Although the disorder often manifests without any specific cause, large issues of modern life (such as the economy, terrorism, and crime) can bring it about, as can individual circumstances like stress and dealing with an illness. Symptoms include fatigue, headaches, muscle aches, difficulty swallowing, difficulty breathing, difficulty concentrating, trembling, twitching, irritability, sweating, restlessness, and insomnia.
•Deal with your worry and anxiety in more productive ways like positive thinking when you feel stressed.
•Make any necessary anxiety-reducing lifestyle changes like a healthy diet, exercise and ample of sleep
•Learn and practice relaxation techniques like breathing, meditation etc.
E-thrombosis is related to deep vein thrombosis (DVT), associated with long-haul air travel, where blood clots (thrombus) form in deep veins, such as those in the legs. Clots can form when blood supply slows or stops, such as in a period of prolonged immobility. People who work or play for long amounts of time in front of a computer without moving are at increased risk of it. These clots can be fatal if they migrate to the lungs and cause a pulmonary embolism.
•Make sure your chair does not compress the uppers and sides of your legs, and that there are no sharp edges to the front of the chair.
•Sit on a fitness ball instead of the chair or stool.
•Stand up and walk around for five to ten minutes every hour.
•Avoid sitting at your desk with legs crossed.
•Frequent foot and leg exercises, even whilst sitting at the desk will help a great deal.
Social Anxiety Disorder
Social anxiety disorder, also known as social phobia, involves intense fear of certain social situations. Underlying social anxiety disorder is the fear of being scrutinized, judged, or criticized by others. These social situations may be so frightening that some people can get anxious just thinking about them or go to great lengths to avoid them.
Physical symptoms often accompanying social anxiety disorder include sweating (hyperhidrosis), excessive blushing, trembling, palpitations, nausea, and stammering often accompanied with rapid speech. Panic attacks may also occur under intense fear and discomfort. Although the exact cause is not known, but social anxiety disorder is probably due to a combination of environmental and hereditary factors.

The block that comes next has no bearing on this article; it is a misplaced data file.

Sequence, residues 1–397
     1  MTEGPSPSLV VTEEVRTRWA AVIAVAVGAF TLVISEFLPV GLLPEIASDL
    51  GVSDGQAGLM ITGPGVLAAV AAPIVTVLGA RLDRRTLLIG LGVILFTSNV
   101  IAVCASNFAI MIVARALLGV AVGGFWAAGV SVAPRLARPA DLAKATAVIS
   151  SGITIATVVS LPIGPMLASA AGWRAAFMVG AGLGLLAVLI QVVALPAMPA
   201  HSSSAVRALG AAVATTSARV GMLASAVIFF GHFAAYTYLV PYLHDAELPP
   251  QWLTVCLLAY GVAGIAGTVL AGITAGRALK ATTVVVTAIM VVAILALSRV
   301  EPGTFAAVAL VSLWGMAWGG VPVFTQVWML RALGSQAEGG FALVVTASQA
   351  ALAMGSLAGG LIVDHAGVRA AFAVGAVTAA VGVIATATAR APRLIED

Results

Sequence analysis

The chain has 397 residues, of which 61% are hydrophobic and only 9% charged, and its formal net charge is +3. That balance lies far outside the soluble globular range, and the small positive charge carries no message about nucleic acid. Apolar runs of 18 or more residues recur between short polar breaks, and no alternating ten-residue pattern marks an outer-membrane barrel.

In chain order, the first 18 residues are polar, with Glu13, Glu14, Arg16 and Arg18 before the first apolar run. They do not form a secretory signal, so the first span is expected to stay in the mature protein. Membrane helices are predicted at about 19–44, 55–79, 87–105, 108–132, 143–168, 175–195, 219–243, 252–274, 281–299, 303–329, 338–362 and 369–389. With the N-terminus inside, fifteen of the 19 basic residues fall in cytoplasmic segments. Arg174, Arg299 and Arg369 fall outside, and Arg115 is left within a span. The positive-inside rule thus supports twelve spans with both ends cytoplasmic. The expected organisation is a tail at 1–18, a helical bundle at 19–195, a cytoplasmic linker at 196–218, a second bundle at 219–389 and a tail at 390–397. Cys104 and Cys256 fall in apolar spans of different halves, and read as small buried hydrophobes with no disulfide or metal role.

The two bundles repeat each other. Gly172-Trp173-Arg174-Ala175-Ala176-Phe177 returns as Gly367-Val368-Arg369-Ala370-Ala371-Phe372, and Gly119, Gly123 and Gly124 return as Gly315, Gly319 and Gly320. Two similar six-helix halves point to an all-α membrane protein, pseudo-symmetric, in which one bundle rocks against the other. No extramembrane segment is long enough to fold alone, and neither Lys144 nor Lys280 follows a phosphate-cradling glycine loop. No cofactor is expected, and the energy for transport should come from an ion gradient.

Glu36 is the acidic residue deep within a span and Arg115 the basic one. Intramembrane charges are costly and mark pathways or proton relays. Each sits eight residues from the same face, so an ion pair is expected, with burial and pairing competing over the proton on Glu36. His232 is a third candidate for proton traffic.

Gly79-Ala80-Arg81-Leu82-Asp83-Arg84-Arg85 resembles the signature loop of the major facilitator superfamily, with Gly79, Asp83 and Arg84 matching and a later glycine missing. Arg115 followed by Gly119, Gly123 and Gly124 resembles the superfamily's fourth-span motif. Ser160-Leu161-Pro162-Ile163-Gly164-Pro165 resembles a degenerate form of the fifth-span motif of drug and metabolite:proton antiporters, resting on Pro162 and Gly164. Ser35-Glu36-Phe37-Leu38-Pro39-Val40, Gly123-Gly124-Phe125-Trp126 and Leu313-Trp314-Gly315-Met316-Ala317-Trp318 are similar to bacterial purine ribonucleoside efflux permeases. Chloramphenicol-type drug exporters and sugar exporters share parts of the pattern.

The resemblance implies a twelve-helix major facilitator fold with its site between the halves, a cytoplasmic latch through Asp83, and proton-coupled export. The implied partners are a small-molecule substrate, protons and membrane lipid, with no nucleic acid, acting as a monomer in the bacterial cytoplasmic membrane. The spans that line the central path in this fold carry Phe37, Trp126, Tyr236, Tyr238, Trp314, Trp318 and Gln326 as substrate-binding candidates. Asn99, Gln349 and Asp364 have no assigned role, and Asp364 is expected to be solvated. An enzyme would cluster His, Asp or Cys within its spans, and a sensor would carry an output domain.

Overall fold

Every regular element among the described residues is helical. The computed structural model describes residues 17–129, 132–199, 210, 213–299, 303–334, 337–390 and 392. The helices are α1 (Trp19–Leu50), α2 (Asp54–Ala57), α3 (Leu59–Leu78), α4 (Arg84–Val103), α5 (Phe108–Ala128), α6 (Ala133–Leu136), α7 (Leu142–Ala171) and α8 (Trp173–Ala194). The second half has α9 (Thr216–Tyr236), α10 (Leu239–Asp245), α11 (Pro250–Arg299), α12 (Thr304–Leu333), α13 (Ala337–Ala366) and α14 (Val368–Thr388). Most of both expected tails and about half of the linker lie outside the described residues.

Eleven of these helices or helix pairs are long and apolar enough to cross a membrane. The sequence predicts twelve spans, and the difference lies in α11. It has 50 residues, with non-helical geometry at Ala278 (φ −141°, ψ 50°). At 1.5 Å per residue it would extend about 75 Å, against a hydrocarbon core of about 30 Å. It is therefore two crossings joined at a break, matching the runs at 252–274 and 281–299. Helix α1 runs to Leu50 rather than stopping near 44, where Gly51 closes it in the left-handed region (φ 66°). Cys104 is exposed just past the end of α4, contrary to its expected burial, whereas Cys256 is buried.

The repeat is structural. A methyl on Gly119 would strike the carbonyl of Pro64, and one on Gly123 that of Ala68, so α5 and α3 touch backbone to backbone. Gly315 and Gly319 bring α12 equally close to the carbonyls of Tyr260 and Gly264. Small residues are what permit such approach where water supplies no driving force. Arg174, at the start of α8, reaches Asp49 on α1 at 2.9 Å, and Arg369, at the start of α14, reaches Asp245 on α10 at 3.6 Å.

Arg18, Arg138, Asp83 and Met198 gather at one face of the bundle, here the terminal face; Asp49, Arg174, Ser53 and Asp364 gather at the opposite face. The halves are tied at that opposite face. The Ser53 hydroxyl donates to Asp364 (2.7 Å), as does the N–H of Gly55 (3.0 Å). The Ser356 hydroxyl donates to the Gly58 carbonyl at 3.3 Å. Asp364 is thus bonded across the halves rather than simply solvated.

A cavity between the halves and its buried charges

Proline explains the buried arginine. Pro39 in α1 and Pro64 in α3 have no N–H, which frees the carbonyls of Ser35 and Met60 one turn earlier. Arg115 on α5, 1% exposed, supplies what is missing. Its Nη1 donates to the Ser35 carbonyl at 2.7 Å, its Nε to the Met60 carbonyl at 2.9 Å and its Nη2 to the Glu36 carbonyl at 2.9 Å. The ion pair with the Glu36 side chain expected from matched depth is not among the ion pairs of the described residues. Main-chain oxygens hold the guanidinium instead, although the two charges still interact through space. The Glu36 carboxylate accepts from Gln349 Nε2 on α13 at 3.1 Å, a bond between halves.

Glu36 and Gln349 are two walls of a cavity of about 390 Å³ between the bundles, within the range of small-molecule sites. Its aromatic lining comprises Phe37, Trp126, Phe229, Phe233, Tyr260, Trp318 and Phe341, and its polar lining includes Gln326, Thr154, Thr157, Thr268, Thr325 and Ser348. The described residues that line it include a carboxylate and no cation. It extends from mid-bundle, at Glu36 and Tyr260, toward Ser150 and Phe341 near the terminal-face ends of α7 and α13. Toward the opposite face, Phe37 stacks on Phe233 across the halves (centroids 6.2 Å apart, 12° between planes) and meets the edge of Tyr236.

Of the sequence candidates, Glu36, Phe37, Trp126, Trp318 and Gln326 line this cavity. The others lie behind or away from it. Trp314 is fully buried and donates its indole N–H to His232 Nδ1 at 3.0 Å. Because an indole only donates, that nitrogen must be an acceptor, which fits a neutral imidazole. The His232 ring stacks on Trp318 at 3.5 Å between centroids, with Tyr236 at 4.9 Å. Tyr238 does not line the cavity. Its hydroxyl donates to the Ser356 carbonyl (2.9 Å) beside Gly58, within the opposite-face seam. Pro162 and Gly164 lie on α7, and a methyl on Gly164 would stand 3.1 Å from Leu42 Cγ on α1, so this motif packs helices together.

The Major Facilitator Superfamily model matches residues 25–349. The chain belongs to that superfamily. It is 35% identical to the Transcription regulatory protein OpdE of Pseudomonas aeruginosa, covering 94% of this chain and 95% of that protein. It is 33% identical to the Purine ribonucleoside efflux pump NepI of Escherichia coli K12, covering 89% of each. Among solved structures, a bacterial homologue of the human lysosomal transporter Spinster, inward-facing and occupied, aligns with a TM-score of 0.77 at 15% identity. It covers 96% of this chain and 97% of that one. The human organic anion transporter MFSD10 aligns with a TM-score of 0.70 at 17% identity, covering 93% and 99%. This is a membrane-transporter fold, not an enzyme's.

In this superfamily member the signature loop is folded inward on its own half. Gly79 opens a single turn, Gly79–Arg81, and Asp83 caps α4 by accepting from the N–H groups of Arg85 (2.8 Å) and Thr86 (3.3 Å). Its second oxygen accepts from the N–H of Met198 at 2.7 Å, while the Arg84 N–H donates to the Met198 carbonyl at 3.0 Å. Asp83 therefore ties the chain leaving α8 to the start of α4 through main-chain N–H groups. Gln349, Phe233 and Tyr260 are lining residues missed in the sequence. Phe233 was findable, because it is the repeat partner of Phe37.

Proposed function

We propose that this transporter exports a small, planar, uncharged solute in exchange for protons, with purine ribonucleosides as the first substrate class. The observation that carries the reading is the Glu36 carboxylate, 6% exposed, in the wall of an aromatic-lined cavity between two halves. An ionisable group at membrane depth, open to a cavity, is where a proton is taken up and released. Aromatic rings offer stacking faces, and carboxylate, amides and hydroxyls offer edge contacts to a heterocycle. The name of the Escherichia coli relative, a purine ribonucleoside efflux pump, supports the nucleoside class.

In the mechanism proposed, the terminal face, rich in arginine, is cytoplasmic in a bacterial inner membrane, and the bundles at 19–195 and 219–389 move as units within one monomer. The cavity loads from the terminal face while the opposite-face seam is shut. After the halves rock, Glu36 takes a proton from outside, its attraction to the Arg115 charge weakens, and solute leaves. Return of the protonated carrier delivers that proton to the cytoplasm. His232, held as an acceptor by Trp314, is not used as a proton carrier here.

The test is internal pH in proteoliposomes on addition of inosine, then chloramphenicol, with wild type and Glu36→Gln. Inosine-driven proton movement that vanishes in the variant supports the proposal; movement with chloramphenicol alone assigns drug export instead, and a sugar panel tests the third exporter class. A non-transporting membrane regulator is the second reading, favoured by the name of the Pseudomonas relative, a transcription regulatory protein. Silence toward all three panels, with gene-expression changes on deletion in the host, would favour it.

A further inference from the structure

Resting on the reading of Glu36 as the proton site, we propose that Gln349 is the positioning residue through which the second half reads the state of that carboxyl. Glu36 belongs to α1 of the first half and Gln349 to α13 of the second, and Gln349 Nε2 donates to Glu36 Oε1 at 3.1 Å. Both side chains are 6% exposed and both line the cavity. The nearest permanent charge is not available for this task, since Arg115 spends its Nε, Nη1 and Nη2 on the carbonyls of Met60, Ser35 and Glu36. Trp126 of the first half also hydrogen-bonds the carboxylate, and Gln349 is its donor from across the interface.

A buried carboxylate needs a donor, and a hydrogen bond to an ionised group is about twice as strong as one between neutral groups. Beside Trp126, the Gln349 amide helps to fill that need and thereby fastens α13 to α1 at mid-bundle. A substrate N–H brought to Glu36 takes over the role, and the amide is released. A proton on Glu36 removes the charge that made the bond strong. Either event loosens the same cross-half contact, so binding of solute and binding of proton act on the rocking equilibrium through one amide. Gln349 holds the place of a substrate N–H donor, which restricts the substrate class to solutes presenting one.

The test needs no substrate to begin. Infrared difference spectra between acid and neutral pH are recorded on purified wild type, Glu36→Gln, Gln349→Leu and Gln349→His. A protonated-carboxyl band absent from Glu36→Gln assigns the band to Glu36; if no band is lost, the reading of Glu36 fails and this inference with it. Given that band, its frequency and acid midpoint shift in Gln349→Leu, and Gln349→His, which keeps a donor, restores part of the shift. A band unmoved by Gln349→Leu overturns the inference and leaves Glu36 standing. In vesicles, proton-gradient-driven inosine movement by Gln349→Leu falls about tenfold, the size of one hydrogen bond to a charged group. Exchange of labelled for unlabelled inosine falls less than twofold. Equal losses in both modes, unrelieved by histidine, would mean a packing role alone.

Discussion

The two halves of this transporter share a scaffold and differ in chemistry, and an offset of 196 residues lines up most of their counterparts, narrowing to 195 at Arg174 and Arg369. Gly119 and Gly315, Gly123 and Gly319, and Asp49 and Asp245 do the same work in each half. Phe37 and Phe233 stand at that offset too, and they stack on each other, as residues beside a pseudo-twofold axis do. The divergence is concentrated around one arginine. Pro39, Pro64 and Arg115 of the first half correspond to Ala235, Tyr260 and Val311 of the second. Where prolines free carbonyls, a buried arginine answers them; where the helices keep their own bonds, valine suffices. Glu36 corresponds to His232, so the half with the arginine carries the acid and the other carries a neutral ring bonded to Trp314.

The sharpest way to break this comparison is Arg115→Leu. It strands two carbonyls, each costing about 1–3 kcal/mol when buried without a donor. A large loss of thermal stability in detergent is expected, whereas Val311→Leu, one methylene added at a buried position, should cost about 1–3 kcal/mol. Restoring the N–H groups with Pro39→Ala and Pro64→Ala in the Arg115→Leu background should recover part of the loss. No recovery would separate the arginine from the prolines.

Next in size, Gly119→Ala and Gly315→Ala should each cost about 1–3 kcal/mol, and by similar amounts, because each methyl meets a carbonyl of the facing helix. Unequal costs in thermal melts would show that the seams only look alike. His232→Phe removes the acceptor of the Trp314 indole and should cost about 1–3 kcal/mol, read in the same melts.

•When the anxiety starts coming up, take a few deep and slow breathes.
•Volunteer doing something you enjoy.
•Social skills training may help people learn appropriate behaviors.
•Psychodynamic therapy may help address the potential influences of the patient's early life experiences.
Good nutrition is an important part of a healthy lifestyle. However, for some people, healthy eating can turn into an unhealthy obsession leading to an eating disorder known as orthorexia nervosa. People with orthorexia nervosa spend large amounts of time thinking about healthy food, frequently planning menus a day in advance. They may take a healthy diet to extremes often leading to restricting their diets to the point that they become underweight. However, unlike patients suffering from anorexia nervosa (an eating disorder driven by a desire to be thin), individuals with orthorexia nervosa seek to attain optimum nutrition and purity through their diets.
•Eat more healthily with positive effect on health and without reducing the enjoyment of life
•Counseling and social support are key components of orthorexia nervosa treatment.
We have briefly touched on some of the problems and challenges of the modern world which keep us from enjoying optimum health. Having a holistic understanding of ourselves and what we can do to make ourselves healthier on a myriad of levels will prevent illness, even in the increasingly stressful modern world.